I remember two particular Christmases that we had in third-world countries. The first one was right after our second child was born. My husband's parents had been called on an LDS mission to serve in New Zealand for two years. His youngest sister was left behind to live with us while she finished high school.

My husband's sister got very homesick for her parents, and she begged us to take her to see them in New Zealand. We spent all our savings to purchase tickets for my husband and I, two tiny children and one teenager to go to New Zealand from Tonga. We actually only had enough money for one-way tickets, so my husband had to find a job once we got there to earn our trip home again (I know it sounds crazy, but we were very young and oblivious). We lived with my husband's aunt in Auckland, and he worked in a restaurant washing pots and pans in order to pay our way back to Tonga. It was a great experience, but financially draining.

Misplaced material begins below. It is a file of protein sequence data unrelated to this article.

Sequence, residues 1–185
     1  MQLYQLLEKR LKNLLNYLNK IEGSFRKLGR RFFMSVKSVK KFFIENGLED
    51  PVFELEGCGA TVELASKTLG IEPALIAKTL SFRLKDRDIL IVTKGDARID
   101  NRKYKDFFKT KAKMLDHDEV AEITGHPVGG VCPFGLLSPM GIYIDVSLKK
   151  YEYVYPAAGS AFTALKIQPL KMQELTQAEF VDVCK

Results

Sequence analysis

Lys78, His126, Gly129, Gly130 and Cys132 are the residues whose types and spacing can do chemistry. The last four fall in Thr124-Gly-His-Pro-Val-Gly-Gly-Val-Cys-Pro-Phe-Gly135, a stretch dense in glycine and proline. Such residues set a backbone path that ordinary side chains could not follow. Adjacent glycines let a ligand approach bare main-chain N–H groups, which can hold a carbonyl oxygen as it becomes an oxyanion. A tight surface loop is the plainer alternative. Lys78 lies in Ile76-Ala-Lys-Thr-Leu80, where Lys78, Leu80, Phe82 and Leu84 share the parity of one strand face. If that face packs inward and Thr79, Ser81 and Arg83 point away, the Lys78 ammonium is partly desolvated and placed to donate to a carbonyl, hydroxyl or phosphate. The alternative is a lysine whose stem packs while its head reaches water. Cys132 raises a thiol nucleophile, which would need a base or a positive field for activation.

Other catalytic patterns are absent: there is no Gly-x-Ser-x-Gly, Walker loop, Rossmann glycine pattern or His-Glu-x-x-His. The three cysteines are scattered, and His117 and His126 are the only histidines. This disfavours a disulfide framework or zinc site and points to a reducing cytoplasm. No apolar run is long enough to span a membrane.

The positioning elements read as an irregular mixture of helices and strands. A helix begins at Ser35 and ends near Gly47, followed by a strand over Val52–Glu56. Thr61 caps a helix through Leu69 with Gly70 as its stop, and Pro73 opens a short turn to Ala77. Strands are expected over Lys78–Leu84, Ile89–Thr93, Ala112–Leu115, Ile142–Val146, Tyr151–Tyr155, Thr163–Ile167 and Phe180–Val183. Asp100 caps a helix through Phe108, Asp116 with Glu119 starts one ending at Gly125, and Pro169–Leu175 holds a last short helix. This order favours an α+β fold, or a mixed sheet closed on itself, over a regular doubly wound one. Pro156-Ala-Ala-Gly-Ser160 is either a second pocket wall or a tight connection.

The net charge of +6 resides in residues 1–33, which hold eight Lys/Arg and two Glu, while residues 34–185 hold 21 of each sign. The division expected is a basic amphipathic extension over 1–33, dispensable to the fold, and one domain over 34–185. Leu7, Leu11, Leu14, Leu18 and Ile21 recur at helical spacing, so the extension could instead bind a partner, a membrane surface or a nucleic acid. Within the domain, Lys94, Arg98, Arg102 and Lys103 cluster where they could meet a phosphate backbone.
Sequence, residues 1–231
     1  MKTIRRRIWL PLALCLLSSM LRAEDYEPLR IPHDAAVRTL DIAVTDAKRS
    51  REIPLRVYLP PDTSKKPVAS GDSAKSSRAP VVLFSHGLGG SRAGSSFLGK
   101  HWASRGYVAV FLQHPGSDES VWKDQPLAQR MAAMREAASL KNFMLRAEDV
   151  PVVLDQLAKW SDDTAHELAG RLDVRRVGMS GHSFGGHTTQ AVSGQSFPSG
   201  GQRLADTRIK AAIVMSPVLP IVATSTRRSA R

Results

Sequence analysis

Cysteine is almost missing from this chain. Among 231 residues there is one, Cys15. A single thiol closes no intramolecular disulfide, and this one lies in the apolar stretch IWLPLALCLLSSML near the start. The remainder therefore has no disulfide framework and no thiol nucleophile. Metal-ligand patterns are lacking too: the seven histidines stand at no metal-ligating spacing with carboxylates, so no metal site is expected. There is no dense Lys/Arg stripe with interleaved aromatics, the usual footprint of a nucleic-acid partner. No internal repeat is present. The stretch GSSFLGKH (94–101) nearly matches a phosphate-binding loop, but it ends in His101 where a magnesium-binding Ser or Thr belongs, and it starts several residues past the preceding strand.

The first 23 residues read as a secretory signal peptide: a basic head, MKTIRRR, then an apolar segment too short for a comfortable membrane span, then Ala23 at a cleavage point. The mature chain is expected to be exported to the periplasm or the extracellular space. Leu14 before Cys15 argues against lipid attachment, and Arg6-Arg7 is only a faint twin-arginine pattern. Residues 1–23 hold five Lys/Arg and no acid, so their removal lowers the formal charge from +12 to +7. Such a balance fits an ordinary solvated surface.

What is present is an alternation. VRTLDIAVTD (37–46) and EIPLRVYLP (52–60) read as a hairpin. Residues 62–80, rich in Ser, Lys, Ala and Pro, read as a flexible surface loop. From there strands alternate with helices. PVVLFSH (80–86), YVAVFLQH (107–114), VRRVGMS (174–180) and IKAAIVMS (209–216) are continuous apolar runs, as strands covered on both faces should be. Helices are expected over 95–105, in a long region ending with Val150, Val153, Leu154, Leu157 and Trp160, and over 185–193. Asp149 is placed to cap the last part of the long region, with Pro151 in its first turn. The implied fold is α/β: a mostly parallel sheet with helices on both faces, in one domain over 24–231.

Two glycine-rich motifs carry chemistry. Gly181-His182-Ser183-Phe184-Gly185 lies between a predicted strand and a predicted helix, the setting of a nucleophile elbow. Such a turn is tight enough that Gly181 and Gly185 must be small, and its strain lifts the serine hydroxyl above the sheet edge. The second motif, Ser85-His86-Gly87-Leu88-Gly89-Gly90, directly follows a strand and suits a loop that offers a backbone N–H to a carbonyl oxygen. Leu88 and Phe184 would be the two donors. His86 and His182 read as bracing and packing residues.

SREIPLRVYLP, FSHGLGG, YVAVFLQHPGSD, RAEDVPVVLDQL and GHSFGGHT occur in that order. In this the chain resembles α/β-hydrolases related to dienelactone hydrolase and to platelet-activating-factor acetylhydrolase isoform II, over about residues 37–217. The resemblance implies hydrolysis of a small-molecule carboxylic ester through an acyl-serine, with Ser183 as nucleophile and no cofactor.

The other Christmas, we had just moved to Samoa where my husband taught for the Department of Education. My husband's brother came to live with us for a while, and then he asked my husband to pay his airfare to Hawaii so he could get a job. It took all of the money we had saved up until then to purchase his ticket. That Christmas we did not have any funds to purchase gifts for our three children (we had added one more by then). I remember that our neighbors generously brought some gifts and food so we could enjoy the holiday. It was very difficult and humbling for me.

My husband is very generous, and his culture is such that if someone needs the money, you give it. It seemed impractical to me, but I understood that he had been helped to get to America and receive his education by others, and so he felt obligated to give back.